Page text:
Ahead of the 11 February summit meeting on Greece in Brussels, several EU members are apparently willing to provide aid to the crisis-riden state. The German, Bulgarian, Belgian and Czech press fear a devaluation of the euro and say any measures to help the country should be attached to strict requirements
Europe apprehensive about Athens
On 10 February 2010 Greek citizens protested against their government's measures (Image: ©tom.tziros/ Flickr)
‘Are the Germans now to work until they’re 69?’ - Frankfurter Allgemeine Zeitung, Germany
Europäische Presseschau | von eurotopicsGermany should not have to pay the price for Greece’s debts, writes the conservative daily: ‘This was not how the euro was sold to the Germans. Before they said farewell to the German mark the Maastricht treaty was signed, which expressly forbids a member of the monetary union being made liable for the debts of another member. Are the Germans now to work until they’re 69 instead of 67 so that the Greeks can enjoy an early retirement? If the ‘no-bail-out-clause’ in the Maastricht treaty is violated, the last anchor for a stable euro will be removed. Then there will be no stopping the speculators or the indebted states. If the monetary union becomes a community of debt all citizens will pay a high price in terms of the devaluation of their money and their pensions. German chancellor Angela Merkel must take a hard line at the summit meeting of the European heads of government today to prevent the euro from becoming a soft currency’ (Holger Steltzner)
‘Greeks must tighten their belts’ - Dnevnik, Bulgaria
Greece must also do its part if it wants to count on solidarity from the rest of Europe, the daily argues, warning that the the country can only be trusted so far: ‘According to the logic of European solidarity the EU partners should help Greece. According to the logic of fairness today’s summit meeting must resolve that aid will only be forthcoming at a certain price. The Greeks must tighten their belts and introduce reforms, just as many countries of eastern Europe had to do in the 1990s. And we must not take the manipulated Greek statistics at face value. The Greeks frauded their way into the eurozone and concealed for ten years how they squandered the subsidies alloted to them, and now the opposite may be the case. Namely they may now be trying to exaggerate the problem to then show how quickly they can get it under control’
‘Delayed intervention, painful measures. ‘ - De Standaard, Belgium
The Greeks’ debts are above all harming Europe’s single currency, writes the daily: ‘The Greek situation shows that delayed intervention leads to very painful measures. The burden is distributed unevenly among strong and weak. People lose their jobs, their social benefits are cut and their pensions are endangered. For their part speculators earn money by selling off state bonds and buying them again at a lower price. The euro, so far the most impressive result of the 50 years of European integration, has not emerged unscathed from this adventure. Let us hope that this will also have a positive side. After all, it has now become clear that further political integration of the euro countries is indispensable’ (Bart Sturtewagen)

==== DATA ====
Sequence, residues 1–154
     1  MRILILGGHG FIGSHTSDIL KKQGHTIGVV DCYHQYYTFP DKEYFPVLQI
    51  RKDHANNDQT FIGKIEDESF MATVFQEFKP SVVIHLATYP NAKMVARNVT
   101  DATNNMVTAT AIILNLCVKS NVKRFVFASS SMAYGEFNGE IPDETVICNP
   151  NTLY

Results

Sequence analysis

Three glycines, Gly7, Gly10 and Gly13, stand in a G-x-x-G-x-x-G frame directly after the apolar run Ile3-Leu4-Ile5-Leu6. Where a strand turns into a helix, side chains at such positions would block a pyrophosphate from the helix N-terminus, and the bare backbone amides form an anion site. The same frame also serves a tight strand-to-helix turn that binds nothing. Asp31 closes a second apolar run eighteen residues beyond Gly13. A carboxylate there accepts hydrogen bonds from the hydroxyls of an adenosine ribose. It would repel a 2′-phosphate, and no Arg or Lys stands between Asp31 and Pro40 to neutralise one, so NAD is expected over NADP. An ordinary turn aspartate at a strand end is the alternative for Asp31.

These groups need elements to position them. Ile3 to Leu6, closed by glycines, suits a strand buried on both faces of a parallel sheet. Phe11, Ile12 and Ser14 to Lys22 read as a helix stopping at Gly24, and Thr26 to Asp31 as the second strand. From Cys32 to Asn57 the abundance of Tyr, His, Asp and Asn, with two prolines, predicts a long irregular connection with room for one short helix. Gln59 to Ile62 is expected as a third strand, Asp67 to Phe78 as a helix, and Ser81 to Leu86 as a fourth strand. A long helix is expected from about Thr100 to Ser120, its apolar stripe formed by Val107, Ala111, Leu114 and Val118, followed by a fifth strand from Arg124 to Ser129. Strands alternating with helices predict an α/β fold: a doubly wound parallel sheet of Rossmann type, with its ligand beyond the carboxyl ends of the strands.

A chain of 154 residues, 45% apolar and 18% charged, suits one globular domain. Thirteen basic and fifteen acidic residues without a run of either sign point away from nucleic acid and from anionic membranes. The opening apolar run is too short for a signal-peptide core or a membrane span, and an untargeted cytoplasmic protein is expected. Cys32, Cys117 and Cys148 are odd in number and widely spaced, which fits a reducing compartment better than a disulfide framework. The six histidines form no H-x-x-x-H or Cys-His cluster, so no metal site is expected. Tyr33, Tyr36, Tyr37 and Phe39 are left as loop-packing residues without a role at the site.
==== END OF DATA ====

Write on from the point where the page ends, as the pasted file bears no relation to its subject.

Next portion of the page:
‘Cast pride aside, go to IMF’ - Hospodářské noviny, Czech Republic
The countries of the eurozone should turn to the international monetary fund for help in rescuing Greece, writes the daily: ‘Europe as a whole cannot help Greece. Such a move is prevented by the treaty upon which the eurozone was founded and still reposes today. The only possible alternative within Europe is bilateral aid, a plan most favoured by Germany and France. The best thing would be to seek aid from the international monetary fund in Washington. However the countries of the eurozone have refused to do so until now on the grounds that external help could give the signal that the euro countries can’t get their own act together. But such pride should be set aside in the case of Greece, because what’s at stake is the future of the monetary union and the strength of the euro. The IMF has the means at its disposal to compel countries to make draconian cuts. Latvia and Hungary have made that abundantly clear’ (Julie Hrstková)
Image: ©tom.tziros/ Flickr
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